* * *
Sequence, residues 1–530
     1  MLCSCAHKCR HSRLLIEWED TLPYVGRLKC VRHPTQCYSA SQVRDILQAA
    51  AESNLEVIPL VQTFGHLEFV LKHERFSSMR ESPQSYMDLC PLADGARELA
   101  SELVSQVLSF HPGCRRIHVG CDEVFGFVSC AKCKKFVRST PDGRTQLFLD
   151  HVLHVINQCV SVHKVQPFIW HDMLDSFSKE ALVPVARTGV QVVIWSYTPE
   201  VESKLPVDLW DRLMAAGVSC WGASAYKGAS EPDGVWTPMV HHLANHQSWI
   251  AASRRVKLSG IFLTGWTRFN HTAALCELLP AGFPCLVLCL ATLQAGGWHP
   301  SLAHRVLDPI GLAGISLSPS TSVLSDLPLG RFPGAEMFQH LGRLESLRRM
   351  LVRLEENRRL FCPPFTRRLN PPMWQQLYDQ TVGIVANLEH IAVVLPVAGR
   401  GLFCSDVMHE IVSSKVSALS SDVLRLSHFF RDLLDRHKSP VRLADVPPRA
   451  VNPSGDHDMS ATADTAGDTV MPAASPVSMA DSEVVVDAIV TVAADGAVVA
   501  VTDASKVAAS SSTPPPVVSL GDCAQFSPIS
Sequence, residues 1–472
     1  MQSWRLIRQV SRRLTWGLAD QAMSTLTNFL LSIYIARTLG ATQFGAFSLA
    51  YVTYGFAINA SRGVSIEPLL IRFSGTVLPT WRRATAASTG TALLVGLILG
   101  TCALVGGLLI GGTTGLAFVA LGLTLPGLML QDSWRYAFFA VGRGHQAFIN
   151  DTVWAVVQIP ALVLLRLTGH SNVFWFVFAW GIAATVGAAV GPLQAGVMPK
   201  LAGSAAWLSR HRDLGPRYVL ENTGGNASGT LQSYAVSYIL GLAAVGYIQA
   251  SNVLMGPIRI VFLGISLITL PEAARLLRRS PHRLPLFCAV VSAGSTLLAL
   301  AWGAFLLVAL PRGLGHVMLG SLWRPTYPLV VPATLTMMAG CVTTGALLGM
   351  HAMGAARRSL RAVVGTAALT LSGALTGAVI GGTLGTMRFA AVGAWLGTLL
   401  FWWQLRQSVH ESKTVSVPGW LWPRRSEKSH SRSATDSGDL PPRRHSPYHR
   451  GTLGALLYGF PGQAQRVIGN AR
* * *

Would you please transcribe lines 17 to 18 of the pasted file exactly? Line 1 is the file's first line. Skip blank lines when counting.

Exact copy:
   151  DTVWAVVQIP ALVLLRLTGH SNVFWFVFAW GIAATVGAAV GPLQAGVMPK
   201  LAGSAAWLSR HRDLGPRYVL ENTGGNASGT LQSYAVSYIL GLAAVGYIQA